Who is this person next to me? We’ve spent years in the same house, the same room, the same life. But it feels at times like I’m an archeologist picking flecks of sand from the surface of an undiscovered city. Each brush stroke revealing some amazing new detail, reminding me of how much remains to be seen.
But there’s a difference. On a dig, the archeologist controls the learning. With enough time, patience, and attention to detail, the archeologist can uncover the treasures within. But looking at this incredible person next to me, I know there’s nothing about this that I control. There’s something complex, wild, and mysterious about a human person, especially in their innermost depths, where the real treasures lie. You don’t grasp that kind of knowledge, you receive it. To know a person is always a gift. An act of revelation.
I love the way Micheal O’Siadhail describes this in his poem “Revelation.”
Our train gains ground into the evening light.
Among the trees the sun catches in its fall
Glints and anglings of a stone in a distant gable,
A broadcast of facets, one and infinite.
I glance at you. There’s so much unexplained.
Plays of your light keep provoking my infinity;
Already something in your presence overflows me,
A gleam of a face refusing to be contained.
How little I know of you. Again and again
I’ve resolved to be the giver and not the taker,
Somehow to surpass myself. Am I the mapmaker
So soon astray in this unknowable terrain?
Twenty-one years. And I’m journeying to discover
Only what your face reveals. Stranger and lover.
Poems: 1975-1995: Hail! Madam Jazz; A Fragile City (Tarset, UK: Bloodaxe Books, 1999), 173
In the first four lines, the poem points to the intimate beauty of all creation as the sun falls through the trees and refracts from a stone on a distant rooftop. But the real power of the poem, for me anyway, comes at the beginning of line 5: “I glance at you.” In the midst of the quotidian, a simple train trip, the amazing presence of the person next to him breaks through.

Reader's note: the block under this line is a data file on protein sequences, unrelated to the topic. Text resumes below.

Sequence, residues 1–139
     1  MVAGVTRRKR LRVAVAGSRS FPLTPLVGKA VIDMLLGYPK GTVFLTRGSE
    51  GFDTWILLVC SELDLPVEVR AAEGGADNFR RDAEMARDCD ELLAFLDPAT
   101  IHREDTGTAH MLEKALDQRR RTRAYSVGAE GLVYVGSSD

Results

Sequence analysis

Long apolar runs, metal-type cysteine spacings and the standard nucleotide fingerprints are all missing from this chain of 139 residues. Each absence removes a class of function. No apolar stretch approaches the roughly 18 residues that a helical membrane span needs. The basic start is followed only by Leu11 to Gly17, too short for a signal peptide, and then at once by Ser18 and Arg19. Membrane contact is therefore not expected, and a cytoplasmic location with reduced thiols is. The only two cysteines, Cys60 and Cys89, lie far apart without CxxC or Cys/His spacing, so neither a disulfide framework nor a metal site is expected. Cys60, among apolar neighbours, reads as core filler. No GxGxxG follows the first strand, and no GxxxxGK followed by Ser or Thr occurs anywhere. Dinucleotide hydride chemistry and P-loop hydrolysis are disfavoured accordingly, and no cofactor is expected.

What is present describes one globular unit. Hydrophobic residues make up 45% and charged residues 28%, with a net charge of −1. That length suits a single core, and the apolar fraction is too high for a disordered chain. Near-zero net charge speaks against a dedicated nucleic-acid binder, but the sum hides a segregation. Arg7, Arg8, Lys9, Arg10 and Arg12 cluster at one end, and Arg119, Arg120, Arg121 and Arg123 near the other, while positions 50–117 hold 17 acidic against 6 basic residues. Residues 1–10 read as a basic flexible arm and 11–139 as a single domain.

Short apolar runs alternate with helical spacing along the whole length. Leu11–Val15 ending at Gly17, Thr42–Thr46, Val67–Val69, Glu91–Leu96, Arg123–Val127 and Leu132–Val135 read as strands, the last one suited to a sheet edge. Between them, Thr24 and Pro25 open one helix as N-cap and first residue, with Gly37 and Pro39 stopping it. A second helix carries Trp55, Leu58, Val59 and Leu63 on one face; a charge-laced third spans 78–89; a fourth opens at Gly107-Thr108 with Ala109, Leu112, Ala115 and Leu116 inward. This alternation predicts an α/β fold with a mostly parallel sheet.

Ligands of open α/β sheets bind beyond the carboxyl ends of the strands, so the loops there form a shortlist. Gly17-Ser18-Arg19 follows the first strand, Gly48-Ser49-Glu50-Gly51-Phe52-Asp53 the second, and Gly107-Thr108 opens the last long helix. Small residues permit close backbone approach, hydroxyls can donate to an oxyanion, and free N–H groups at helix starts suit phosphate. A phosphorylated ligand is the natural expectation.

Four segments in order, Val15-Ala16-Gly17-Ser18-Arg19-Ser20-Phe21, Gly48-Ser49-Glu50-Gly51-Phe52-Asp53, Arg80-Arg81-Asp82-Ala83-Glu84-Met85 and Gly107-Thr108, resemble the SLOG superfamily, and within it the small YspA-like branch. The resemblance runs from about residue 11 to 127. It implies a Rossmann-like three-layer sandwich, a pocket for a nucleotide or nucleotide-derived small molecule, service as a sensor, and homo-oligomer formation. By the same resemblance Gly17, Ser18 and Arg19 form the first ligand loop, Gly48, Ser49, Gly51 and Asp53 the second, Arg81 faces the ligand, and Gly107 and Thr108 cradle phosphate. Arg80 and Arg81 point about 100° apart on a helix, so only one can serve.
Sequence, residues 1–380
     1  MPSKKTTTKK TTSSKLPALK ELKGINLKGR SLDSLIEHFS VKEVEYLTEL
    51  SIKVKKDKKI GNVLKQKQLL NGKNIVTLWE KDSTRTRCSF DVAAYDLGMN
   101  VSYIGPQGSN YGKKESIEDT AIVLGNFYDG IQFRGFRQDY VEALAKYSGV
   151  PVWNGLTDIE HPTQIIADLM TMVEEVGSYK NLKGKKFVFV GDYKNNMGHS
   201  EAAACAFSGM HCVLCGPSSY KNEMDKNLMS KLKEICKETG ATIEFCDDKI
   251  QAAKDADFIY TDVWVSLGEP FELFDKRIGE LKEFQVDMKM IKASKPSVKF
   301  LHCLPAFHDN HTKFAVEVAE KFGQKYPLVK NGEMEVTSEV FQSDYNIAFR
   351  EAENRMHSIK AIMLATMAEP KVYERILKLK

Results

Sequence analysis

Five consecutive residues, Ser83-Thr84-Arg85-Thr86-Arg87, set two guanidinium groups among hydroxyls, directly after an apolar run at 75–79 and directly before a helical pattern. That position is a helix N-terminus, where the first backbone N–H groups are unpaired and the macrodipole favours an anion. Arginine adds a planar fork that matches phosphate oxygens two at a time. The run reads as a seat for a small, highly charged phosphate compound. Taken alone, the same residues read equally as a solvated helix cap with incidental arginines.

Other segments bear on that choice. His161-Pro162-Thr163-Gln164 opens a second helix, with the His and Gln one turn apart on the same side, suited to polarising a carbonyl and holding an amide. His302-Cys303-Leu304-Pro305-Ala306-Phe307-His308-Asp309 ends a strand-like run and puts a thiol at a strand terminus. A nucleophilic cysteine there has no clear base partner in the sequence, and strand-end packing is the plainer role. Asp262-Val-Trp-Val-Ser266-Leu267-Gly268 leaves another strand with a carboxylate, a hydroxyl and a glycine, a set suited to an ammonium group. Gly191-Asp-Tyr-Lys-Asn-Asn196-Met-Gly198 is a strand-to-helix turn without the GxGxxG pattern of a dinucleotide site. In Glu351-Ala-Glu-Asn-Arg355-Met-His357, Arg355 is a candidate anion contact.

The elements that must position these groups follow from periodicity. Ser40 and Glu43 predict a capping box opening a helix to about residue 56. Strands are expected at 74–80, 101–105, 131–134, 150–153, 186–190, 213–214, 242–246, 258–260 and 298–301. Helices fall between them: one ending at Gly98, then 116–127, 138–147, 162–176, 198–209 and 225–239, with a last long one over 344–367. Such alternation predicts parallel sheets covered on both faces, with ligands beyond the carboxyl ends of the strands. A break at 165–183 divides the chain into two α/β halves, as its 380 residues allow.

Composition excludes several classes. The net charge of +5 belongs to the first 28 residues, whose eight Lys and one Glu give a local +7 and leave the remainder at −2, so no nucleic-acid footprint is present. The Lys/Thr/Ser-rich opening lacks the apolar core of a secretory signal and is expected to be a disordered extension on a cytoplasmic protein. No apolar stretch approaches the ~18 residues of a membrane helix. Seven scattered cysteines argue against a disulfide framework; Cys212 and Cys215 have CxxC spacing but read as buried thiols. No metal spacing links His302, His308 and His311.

Even though he goes on to explain that they’ve been together for twenty-one years, notice the emphasis on how much remains to be known. “There’s so much left unexplained” because a human person has infinite depths that instantly “overflow,” “refusing to be contained.” In a beautiful turn of phrase, he says that he feels like a “mapmaker so soon astray in this unknowable terrain.” I can just picture someone trying to map some incredibly complex piece of land, growing increasingly frustrated by the inability of lines and dots on a piece of paper to capture, or even suggest, the true beauty of the surrounding terrain.
But even in the midst of mystery, there’s knowledge. This is a person. And she has revealed herself to him in the intimate presence they’ve shared for twenty-one years. There is still the “gleam of a face,” the face of the beloved. And that face “reveals” something about her, something that provokes his own “infinity” and causes him to want to share himself with her in return.
So, in the end, there is both mystery and knowledge. She reveals her face and he is awed by how much remains to be revealed. She is both stranger and lover.
I was actually struck by this poem for two reasons. First, I loved the way it described knowing someone as an act of revelation, a personal encounter in which there is both mystery and knowledge. But I was also struck by how fitting this is for talking about what it means for God to reveal himself to us, turning his face toward us and manifesting his presence among us, provoking our infinity even as he overflows and refuses to be contained by us. Like mapmakers we struggle to make sense of him with our lines and dots, but we know how inadequate such scrawls are to the face before us. Years and decades we know him, and still we journey to discover what only his face can reveal. Mystery and knowledge. Stranger and lover.
I laugh when we grow frustrated by our inability to understand God, to resolve the tensions and paradoxes that appear on our maps. The person next to me is a mystery, and I really know only what she reveals to me. Should God be any less? That doesn’t mean we stop trying to understand God any more than I stop trying to understand my wife. But it reminds us that our understanding is always partial.
Knowing a person, human or divine, is a gift. And it’s a gift to be cherished precisely because it leaves hidden far more than it uncovers. The mystery of a person is what makes the journey worth making. And the infiniteness of the mystery is what makes eternity so exciting.
Mystery and knowledge. Stranger and lover.